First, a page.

Start watching
Tending Nature poster 2021

Tending Nature

Start watching

Southland Sessions

Start watching

Earth Focus

Start watching

Reporter Roundup

Start watching

City Rising

Start watching

Lost LA

Start watching
Your donation supports our high-quality, inspiring and commercial-free programming.
Support Icon
Learn about the many ways to support KCET.
Support Icon
Contact our Leadership, Advancement and Special Events teams.

An Olympic Mystery at Occidental College


Living in a dorm building shouldn't be a challenge. But at Stearns Hall at Occidental College, the hallways are sloped and turn in disorienting ways. Floor levels don't match up on different wings of the building. The tiny rooms have brick walls painted white, with a bizarre small window that looks out onto the wall of another wing. It takes a few tries to find the right path towards the exit as you wander aimlessly through the maze-like structure.

Stearns Hall under construction
Stearns Hall under construction

For many Oxy students, Stearns Hall remains a mystery. Legend has it that Stearns was built with the sole purpose to house the Russian Olympic team for the 1984 Games held in Los Angeles. What other explanation could there be for the construction of such a bizarre building? It would be a perfect place to disrupt the psyche of our nation's sworn Cold War enemies.

Occidental College is known to have many other unsolved mysteries, including the underground tunnels connecting various buildings, hidden rooms in the Mary Norton Clapp Library, and unabashedly contentious squirrels. But the possibility of the 1984 Russian Olympic team staying in Stearns was quite possibly more than just a rumor.

In fact, this urban myth gains even more credibility when one learns that Stearns Hall was one of two new structures that the college commissioned in 1980 along with the Bill Henry Track, a state of the art track field that was used as a training facility at the '84 Olympic games. Furthermore, notes show that many area schools including Loyola Marymount University, Pepperdine University, Mount St Mary's College, University of Southern California, and of course Occidental College, all participated in the Campus Housing Program set up by the Los Angeles Olympic Organizing Committee to provide accommodations to members of the Olympic family.

It turns out that Occidental College rented out 1,007 beds across campus to Olympic athletes and officials. Interestingly, documents containing the information about who rented out which rooms (and in which dorms) are confidential, and part of the President's notes.

People who know their history remember to add a specific detail to the urban legend when they recount it. Twelve weeks before the opening ceremony of the Los Angeles Olympic Games, the USSR announced that they would be boycotting the event. They blamed the commercialization of the games and a lack of security measures. They accused the United States of using the games "for political purposes" and "stirring up anti-Soviet propaganda," and of having a "cavalier attitude to security of Russian athletes".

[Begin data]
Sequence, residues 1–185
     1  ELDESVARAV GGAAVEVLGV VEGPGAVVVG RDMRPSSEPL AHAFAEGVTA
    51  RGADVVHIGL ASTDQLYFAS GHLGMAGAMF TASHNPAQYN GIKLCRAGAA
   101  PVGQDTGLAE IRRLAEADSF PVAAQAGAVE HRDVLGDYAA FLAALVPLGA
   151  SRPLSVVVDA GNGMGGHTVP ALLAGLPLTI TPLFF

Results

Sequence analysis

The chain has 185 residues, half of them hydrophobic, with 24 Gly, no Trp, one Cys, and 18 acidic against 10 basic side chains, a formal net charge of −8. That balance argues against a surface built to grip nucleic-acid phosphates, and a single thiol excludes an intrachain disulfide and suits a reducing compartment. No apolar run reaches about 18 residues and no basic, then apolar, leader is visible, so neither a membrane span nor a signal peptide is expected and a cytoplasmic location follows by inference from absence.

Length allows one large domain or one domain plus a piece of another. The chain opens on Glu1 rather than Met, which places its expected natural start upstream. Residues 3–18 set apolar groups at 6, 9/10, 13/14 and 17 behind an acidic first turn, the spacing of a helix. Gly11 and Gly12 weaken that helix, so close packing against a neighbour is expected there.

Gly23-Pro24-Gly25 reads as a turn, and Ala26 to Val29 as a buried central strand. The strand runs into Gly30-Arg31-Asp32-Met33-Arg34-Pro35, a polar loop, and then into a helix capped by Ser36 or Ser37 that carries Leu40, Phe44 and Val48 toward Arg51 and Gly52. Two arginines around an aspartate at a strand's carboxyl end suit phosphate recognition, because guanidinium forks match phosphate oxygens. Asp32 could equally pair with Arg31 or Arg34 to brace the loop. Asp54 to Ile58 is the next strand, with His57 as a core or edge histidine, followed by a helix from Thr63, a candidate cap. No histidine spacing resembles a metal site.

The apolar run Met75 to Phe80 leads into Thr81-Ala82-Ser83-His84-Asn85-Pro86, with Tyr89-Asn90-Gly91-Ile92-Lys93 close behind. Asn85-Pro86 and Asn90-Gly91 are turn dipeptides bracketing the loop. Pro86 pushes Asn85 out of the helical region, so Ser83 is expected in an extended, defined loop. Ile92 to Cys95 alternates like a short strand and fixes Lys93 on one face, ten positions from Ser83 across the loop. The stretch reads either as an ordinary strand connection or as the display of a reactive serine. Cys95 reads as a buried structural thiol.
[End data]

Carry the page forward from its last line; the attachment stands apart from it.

You could say that as a result of this political move, Occidental College ended up having to put students in the dorm instead of the Russian athletes for whom it was intended. Perhaps this was the case, but because of the confidentiality of the documents, there's no saying where they were supposed to stay on their trip to Los Angeles.

Although a member of the 1984 Olympic Russian team has (probably) never walked the peculiar halls of Stearns, there's no saying that they weren't ever supposed to.

Wendy Abbot, who was not a member of the Russian Olympic Team, by Stearns Hall not long after its completion.
Wendy Abbot, who was not a member of the Russian Olympic Team, by Stearns Hall not long after its completion.

Photos Courtesy Occidental College Special Collections

Support Provided By
Support Provided By
Read More
Chiqui Diaz at work advocating to end social isolation | Courtesy of Chiqui Diaz

Youth Leaders Making a Difference Honored by The California Endowment

The Youth Awards was created in 2018 to recognize the impact youth voices have in creating change throughout California. Learn more about the positive work they're accomplishing throughout the state.
A 2011 crime scene in Tulare County, where one of Jose Martinez's victims was found. | Courtesy of Marion County Sherff’s Office via FOIA/Buzzfeed

California's Unincorporated Places Can Be Poor, Powerless — and the Perfect Place to Commit Murder

It's time to do better by communities that don’t even have local police to call, let alone defund.
Protesters confront police outside the 3rd Police Precinct on May 27, 2020 in Minneapolis, Minnesota after the George Floyd killing | Stephen Maturen/Getty Images

In California, A History of Young, Powerful Voices in Journalism Emerge

In the Golden State, the youth have a long history of storytelling that uncovers little-heard narratives.